After the cancer has been removed
Once the patient’s skin cancer has been completely removed, there will be an area that requires healing and regeneration. Dr. DeBloom has performed tens of thousands of facial reconstruction procedures that restore the patient’s appearance and limit resulting scarring. This surgical wound is called a “defect” and can be thought of as the area in the skin that was once occupied by the skin cancer. The size of this defect depends solely on the size of your cancer.
If you have a small defect that is because your cancer was small. If you have a large defect that is because your cancer was large.
Depending on the size, complexity and location of the defect after cancer removal, a variety of treatment options may exist. These options include primary closures, flaps, grafts, and healing with no stitches. The options that are best for your specific needs will be presented to you by Dr. DeBloom.
Once a surgical option for repairing the defect has been determined, the patient will be moved to one of our sterile procedure rooms where the stitch placement will be performed. Once the procedure has been completed, all wound care instructions will be explained in detail to the patient and, when appropriate, accompanying family members as well. These instructions will also be presented in a written format to the patient. Most stitching procedures require a one week post-operative visit in our office.
Wound Care Instructions for Open Wound
Skin Graft Wound Care
Excellent cosmetic results can be obtained by simply stitching the skin edges together with sutures. Most wounds will have at least two layers of sutures. A deep layer of sutures is placed under the skin to provide strength and will dissolve over 2-3 months. There is also a visible top layer of sutures that line up the skin edges. These sutures will be removed or dissolve over 7-14 days. The final scar is a line that will fade from light pink to pale flesh colored over several months. It is longer than the original surgery site because small “darts” or skin redundancies have to be removed to prevent puckering at the scar ends.
Skin flaps are created by moving nearby healthy skin to cover a surgical wound. A skin flap keeps its own blood supply but is moved, either by a sliding or lifting motion. Like a side to side closure, there will be at least one deep layer and one superficial layer of sutures. Flaps result in a larger scar line than the original surgical site but are designed in a way to be camouflaged by the surrounding skin lines and facial curves.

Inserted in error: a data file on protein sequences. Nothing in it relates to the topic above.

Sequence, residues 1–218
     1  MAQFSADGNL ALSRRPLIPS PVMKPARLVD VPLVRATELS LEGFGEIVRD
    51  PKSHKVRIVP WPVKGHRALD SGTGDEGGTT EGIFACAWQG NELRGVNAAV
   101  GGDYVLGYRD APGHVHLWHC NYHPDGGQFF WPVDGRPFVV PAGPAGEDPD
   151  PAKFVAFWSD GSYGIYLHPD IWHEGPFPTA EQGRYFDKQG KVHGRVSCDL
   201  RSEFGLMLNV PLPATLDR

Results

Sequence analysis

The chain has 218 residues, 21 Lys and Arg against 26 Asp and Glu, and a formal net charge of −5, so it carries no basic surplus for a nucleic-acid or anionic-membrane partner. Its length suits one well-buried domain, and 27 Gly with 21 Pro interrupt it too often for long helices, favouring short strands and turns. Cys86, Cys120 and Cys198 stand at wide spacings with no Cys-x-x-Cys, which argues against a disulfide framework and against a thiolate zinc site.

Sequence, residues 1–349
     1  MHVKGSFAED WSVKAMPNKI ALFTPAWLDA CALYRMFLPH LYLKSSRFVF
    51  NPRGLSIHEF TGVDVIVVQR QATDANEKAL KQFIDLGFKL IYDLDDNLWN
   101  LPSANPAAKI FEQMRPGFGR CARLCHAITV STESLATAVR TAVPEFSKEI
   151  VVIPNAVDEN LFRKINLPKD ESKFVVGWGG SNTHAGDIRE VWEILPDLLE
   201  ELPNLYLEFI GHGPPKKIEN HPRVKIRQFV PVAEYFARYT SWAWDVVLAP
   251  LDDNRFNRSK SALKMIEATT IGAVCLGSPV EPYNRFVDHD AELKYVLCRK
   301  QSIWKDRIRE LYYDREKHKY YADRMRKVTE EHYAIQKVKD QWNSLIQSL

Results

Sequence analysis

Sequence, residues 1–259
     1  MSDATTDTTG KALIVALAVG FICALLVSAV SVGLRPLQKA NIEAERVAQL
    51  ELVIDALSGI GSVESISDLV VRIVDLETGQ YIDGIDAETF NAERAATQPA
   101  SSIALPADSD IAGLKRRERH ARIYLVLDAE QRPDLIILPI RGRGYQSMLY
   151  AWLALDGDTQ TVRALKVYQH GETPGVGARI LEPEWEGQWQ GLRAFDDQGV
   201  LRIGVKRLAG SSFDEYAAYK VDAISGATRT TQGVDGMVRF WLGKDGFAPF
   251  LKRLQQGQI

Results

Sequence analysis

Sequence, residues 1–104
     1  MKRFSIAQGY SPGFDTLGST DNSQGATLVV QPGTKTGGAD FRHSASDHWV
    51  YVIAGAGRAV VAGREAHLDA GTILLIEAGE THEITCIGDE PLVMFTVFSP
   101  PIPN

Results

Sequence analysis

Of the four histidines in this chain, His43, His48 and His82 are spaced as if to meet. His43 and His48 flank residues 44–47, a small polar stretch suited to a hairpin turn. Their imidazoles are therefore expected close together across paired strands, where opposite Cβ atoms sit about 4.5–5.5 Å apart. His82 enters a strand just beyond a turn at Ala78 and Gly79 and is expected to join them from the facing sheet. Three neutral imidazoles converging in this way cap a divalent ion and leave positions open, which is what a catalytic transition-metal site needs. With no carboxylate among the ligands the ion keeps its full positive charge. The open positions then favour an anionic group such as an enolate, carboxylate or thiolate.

A skin graft is a patch of skin taken from one part of the body (donor site) and placed over a surgical wound (recipient site). A graft is completely separated from its original location and therefore does not have its own blood supply. The donor site is allowed to heal by granulation or by placement of side to side stitches. The graft survives by close contact to the blood supply of the recipient site and is sutured into position. You can think of it like a “patch” of skin. Common areas where grafts are used are the nose, ears, fingers, inner part of the eyelid, and lower legs. A dressing is placed over the graft to protect it during the early part of healing. The skin graft may initially be a dark pink or purple color but will become lighter over time. Skin grafts require multiple follow up visits.
The skin tissue is allowed to heal itself without stitches, thus requiring no further surgery. The wound will be moist and bumpy at first and have a yellow/pink or yellow/red base. The new skin will grow toward the center and become light pink and smooth. This type of healing may take several weeks (4-6 weeks on average). The final scar is round to oval and smaller than the original surgery site.